I’m a trained journalist. But I almost got sucked into one of those outrages that get passed around Facebook even when they are wrong.
I think it’s very similar to what James Altucher calls “outrage porn,” where people get a high from being outraged, and feed it back and forth among themselves. We (I) like to think we’re above that sort of thing, but it’s so easy to get pulled into it, especially when we pick it up from someone we know and trust–but they can get pulled in also!
I don’t want to add to the spread of a falsehood, so I’m not going to link to the original piece. But for context, I need to tell you my friend linked to a story that claimed Illinois just quietly made it a felony to record police in the course of their duties without their consent. In light of the increased reporting of police abuse, of course any suggestion that such a law passed would lead to outrage.
(Note: whether police abuse is, in fact, increasing or what the causes might be have nothing to do with this post.)
The link also includes a petition to the governor countering this, which at this writing has reached nearly 35,000 signature out of 50,000 needed.
This kind of thing outrages me, and I had my finger on the mouse button to repost it to all my Facebook friends. But something told me to look into it a little further.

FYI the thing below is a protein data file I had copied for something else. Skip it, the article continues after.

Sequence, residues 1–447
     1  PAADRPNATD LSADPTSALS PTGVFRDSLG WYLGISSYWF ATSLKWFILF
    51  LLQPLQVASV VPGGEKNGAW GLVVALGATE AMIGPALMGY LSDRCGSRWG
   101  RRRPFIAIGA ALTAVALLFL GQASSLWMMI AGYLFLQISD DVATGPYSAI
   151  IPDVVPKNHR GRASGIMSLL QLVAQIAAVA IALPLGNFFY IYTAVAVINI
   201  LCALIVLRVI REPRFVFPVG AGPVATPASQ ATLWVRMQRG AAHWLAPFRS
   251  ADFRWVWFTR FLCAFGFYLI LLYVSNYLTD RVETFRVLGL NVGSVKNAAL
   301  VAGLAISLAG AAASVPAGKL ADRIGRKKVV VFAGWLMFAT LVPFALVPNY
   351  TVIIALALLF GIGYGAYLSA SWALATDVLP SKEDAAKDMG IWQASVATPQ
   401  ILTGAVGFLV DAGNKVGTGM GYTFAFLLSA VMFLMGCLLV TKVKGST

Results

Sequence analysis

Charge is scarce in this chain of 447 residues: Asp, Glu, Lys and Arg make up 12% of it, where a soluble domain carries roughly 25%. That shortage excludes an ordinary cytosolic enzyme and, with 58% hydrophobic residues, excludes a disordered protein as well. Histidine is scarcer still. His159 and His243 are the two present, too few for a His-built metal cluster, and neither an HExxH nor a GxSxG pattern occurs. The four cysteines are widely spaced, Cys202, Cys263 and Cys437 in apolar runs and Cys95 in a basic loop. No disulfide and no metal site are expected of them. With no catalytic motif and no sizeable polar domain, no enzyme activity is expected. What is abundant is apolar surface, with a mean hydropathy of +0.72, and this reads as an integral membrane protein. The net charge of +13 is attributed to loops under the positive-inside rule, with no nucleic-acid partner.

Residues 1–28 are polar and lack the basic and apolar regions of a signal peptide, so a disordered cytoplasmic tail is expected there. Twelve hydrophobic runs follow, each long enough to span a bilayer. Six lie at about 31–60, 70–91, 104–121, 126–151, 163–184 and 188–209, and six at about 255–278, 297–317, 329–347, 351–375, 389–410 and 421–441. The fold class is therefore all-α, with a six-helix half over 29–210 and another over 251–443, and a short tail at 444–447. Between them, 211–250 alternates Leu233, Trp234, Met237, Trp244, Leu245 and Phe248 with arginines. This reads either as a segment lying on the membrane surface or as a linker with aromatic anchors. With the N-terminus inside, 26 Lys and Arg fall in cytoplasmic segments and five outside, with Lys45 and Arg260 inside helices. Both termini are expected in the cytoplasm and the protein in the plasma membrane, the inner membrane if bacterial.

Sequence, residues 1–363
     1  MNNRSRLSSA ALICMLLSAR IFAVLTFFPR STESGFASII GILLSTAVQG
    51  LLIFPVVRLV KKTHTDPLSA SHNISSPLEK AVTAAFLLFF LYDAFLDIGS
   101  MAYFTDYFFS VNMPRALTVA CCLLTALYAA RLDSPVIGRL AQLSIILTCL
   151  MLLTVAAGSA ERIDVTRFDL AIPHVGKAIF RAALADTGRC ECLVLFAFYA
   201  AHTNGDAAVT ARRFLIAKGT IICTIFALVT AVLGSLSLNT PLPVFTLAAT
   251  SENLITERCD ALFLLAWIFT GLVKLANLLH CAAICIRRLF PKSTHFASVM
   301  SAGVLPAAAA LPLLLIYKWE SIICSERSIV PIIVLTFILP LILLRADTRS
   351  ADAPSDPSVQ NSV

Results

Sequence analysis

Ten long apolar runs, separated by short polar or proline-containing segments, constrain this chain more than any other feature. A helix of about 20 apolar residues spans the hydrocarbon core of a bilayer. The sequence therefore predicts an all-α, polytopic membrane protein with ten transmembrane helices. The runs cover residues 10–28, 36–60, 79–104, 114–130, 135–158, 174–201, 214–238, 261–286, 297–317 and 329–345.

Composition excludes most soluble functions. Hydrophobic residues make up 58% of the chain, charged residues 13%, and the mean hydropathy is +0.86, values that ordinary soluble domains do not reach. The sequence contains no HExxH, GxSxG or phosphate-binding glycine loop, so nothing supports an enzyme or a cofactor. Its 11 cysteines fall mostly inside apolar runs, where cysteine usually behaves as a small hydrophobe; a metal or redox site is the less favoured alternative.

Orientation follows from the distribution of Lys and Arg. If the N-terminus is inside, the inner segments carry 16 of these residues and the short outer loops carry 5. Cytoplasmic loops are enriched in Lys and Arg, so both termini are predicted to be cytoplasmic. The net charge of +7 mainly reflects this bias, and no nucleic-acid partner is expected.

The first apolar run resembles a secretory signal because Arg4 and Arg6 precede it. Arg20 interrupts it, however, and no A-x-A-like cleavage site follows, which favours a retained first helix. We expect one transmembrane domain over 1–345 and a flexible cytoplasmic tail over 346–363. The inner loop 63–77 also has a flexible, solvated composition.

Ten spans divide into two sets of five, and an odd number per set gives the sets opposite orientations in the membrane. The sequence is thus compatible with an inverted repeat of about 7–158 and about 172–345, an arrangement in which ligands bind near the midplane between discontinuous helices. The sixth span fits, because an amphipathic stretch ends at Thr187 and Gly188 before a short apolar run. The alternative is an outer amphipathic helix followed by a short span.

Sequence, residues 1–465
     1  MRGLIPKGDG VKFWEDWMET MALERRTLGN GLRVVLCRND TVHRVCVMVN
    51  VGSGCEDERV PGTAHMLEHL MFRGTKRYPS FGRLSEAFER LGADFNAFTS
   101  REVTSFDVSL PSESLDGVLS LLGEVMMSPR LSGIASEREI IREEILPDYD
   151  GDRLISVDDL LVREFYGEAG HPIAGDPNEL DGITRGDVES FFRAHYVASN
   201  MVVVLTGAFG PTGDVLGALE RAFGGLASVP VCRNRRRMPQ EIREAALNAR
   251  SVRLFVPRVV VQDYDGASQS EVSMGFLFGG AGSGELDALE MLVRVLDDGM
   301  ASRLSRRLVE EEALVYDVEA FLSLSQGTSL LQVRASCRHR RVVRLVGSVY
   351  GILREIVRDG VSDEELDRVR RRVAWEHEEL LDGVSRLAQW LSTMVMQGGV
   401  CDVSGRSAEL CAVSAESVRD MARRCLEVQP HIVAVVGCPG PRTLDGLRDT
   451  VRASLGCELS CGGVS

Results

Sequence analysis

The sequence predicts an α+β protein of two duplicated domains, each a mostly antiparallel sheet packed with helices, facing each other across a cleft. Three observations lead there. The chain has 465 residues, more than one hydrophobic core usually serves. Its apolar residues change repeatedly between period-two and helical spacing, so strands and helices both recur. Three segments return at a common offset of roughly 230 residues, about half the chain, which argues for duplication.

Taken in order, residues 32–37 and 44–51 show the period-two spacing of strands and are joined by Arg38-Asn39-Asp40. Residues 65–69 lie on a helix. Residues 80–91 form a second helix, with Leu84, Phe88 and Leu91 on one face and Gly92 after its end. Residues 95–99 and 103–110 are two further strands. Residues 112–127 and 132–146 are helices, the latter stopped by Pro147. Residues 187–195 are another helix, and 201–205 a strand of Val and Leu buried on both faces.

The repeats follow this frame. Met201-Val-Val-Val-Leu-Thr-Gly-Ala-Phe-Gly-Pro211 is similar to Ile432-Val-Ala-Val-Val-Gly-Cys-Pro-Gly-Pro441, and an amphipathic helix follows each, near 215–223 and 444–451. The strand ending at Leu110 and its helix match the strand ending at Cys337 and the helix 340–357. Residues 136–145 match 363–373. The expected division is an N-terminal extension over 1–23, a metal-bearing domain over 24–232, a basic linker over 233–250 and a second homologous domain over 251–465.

I’m glad I did.
Not only is there no truth to the outrage article, but it’s actually the opposite: the old law could have been twisted to make recording police carrying out their duties illegal.
The new law isn’t perfect–opponents quite rightly fear that it weakens the requirement that police obtain a warrant before recording suspects. But as far as whether you can legally record police at work without their permission (and what cop abusing his authority is going to give permission?)–the new law actually makes it clear that you can do so without fear of prosecution, at least for that “offense.”
For the record: it’s legal in all 50 states to record police carrying out their public duties. That doesn’t mean you won’t get in practical trouble if you do so. After all, by definition an abusive cop isn’t following the law. What’s one more abuse? For that reason, a lot of people have begun using apps that stream the recording to someplace in the cloud as the video is being taken–there have been too many reports of police illegally confiscating cell phones and cameras and deleting files or even destroying the devices. If it’s already on the cloud, then the evidence is preserved.
In any case: I am reminded once again of the wisdom of pausing, checking things out before passing them on, etc. Social media has not changed this human tendency to outrage, but it has made it exponentially easier to react emotionally before logic has a chance to ask questions.